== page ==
Of all the life skills that someone entering adulthood could lack, that financial literacy tests tend to hit hardest. Higher One and EverFi came out with a report called “Money Matters on Campus.” They felt an alarming disconnect between adults who were taking out loans for college and the skills needed to handle it.

The fact that over 70 percent of students take out loans to go to college only exacerbates the problem. In this report, over 42,000 higher education students across the board – both from four-year and two-year colleges were surveyed. Survey topics are covered included basic financial literacy tests such as school student loans, savings, credit cards, and banking. This is the latest installment in a series they have been coming out with every year since 2012.

Literacy Test: The Problem Gets Worse

To make matters worse, most respondents had experience with credit cards, bank accounts, and student loans. What is on the decline each year is what is called “responsible planning behaviors.” These behaviors include basic budgeting skills and account reviews.

It doesn’t help the students who are getting loans without ever having the plan to pay them back. In fact, student loans are becoming such an issue for that very reason. Students are given loans without any thought as to creditworthiness or whether the student will have the ability to pay the loan back.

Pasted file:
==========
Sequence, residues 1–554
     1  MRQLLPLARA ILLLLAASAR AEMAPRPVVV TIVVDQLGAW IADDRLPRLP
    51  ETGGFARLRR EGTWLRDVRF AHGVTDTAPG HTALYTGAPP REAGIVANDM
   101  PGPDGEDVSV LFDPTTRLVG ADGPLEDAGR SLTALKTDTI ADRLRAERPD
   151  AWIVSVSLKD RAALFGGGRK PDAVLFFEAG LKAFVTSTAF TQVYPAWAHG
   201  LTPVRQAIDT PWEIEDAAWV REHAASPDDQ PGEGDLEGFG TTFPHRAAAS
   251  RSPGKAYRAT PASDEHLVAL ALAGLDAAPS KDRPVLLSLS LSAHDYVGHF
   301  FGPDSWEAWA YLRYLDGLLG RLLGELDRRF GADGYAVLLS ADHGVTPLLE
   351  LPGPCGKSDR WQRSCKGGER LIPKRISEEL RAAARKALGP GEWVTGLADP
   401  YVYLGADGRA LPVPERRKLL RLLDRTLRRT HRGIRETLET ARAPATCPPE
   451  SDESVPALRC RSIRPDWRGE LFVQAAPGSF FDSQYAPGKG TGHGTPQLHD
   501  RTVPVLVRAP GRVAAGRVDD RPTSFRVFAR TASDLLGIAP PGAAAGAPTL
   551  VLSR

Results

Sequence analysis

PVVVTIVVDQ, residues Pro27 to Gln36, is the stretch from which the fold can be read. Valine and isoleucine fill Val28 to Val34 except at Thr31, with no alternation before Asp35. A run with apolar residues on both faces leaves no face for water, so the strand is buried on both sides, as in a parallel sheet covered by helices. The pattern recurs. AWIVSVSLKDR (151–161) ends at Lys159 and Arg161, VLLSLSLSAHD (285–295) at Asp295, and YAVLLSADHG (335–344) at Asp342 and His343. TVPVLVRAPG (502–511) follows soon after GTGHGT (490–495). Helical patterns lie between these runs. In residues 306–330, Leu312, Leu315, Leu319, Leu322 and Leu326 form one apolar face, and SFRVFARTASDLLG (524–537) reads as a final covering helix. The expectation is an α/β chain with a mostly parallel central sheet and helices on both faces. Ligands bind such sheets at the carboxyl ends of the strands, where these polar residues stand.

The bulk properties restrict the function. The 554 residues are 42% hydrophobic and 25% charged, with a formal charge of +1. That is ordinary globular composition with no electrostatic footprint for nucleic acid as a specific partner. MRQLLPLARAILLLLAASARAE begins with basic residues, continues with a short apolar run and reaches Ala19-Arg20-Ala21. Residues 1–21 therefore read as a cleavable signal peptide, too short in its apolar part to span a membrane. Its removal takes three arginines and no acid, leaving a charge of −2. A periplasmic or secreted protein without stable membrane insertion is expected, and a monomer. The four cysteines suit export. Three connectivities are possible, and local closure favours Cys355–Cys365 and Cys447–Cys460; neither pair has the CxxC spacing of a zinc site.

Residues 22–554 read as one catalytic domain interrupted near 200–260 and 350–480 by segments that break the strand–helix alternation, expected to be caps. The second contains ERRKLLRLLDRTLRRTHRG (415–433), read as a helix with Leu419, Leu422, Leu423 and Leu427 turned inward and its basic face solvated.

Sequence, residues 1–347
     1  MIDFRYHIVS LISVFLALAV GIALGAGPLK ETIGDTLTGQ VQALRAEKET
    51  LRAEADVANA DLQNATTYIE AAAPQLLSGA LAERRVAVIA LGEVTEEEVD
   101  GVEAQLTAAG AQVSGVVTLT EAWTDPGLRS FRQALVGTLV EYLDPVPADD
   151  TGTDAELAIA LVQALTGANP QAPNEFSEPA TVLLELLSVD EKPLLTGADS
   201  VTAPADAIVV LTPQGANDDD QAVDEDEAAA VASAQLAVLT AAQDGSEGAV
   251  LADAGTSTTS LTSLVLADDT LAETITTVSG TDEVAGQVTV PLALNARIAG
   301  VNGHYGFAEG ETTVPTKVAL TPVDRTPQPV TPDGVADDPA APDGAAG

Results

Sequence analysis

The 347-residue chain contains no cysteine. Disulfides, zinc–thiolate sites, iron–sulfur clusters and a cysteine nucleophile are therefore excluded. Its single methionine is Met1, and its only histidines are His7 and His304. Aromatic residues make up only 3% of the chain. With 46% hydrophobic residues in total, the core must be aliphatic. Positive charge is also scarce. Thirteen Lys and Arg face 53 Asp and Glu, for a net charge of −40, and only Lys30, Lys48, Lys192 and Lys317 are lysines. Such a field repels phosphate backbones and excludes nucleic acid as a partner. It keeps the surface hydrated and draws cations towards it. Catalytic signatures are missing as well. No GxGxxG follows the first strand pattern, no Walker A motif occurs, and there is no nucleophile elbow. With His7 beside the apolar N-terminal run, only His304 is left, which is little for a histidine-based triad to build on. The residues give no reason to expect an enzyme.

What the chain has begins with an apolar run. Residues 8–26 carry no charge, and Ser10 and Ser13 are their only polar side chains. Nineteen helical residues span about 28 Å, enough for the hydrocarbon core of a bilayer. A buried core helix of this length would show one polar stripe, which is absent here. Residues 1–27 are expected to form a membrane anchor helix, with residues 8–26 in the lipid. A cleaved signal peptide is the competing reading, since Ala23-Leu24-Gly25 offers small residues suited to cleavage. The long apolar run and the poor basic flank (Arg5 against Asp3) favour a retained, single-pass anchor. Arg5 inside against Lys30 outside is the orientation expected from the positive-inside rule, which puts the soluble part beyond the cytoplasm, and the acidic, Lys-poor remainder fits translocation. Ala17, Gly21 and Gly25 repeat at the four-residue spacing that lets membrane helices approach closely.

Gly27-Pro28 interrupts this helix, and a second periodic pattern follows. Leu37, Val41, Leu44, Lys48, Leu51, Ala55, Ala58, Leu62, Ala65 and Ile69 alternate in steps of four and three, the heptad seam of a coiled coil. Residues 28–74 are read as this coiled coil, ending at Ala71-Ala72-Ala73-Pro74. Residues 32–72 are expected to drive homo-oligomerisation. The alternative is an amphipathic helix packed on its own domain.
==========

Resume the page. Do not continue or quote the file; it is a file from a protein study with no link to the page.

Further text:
In the past two years with this study has been administered, the number of students who are reporting these responsible behaviors declined sharply. Other responsible behaviors may include paying bills on time, paying off credit cards, following budgets to limit spending, or even reviewing bills. The number of students who knew how to balance a checkbook or enough about their finances to do so is also on the decline.

Let the Literacy Test Statistics Speak for Themselves

What was interesting to find is that more students in two-year colleges exhibited behaviors that were considered financially responsible than those in four-year colleges. For instance, 53 percent of students from two-year colleges kept receipts. Half of that – only 25 percent of students from four-year colleges did the same. While 83 percent of students from two-year colleges checked account balances, their four-year counterparts didn’t do the same – only 62 percent of four-year college students checked account balances on a regular basis.

The biggest statistic that’s most alarming is that only 39 percent of four years college students use a budget. The rest didn’t really seem to care or even know what a budget was. From the students who attended two-year colleges, this number almost doubles to 60 percent. If there is one life, a financial skill that parents are not teaching their children is how to keep a financial budget and limit spending when necessary.

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